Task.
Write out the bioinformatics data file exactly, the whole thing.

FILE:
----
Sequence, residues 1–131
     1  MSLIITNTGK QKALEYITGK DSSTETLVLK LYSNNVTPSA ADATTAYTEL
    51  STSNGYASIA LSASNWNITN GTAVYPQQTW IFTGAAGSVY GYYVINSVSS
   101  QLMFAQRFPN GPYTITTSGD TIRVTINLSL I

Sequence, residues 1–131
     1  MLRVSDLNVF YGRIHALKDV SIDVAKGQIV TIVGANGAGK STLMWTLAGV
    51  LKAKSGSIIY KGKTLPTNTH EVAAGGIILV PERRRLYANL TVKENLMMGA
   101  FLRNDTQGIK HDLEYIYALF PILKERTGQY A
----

Sequence, residues 1–131
     1  MSLIITNTGK QKALEYITGK DSSTETLVLK LYSNNVTPSA ADATTAYTEL
    51  STSNGYASIA LSASNWNITN GTAVYPQQTW IFTGAAGSVY GYYVINSVSS
   101  QLMFAQRFPN GPYTITTSGD TIRVTINLSL I

Sequence, residues 1–131
     1  MLRVSDLNVF YGRIHALKDV SIDVAKGQIV TIVGANGAGK STLMWTLAGV
    51  LKAKSGSIIY KGKTLPTNTH EVAAGGIILV PERRRLYANL TVKENLMMGA
   101  FLRNDTQGIK HDLEYIYALF PILKERTGQY A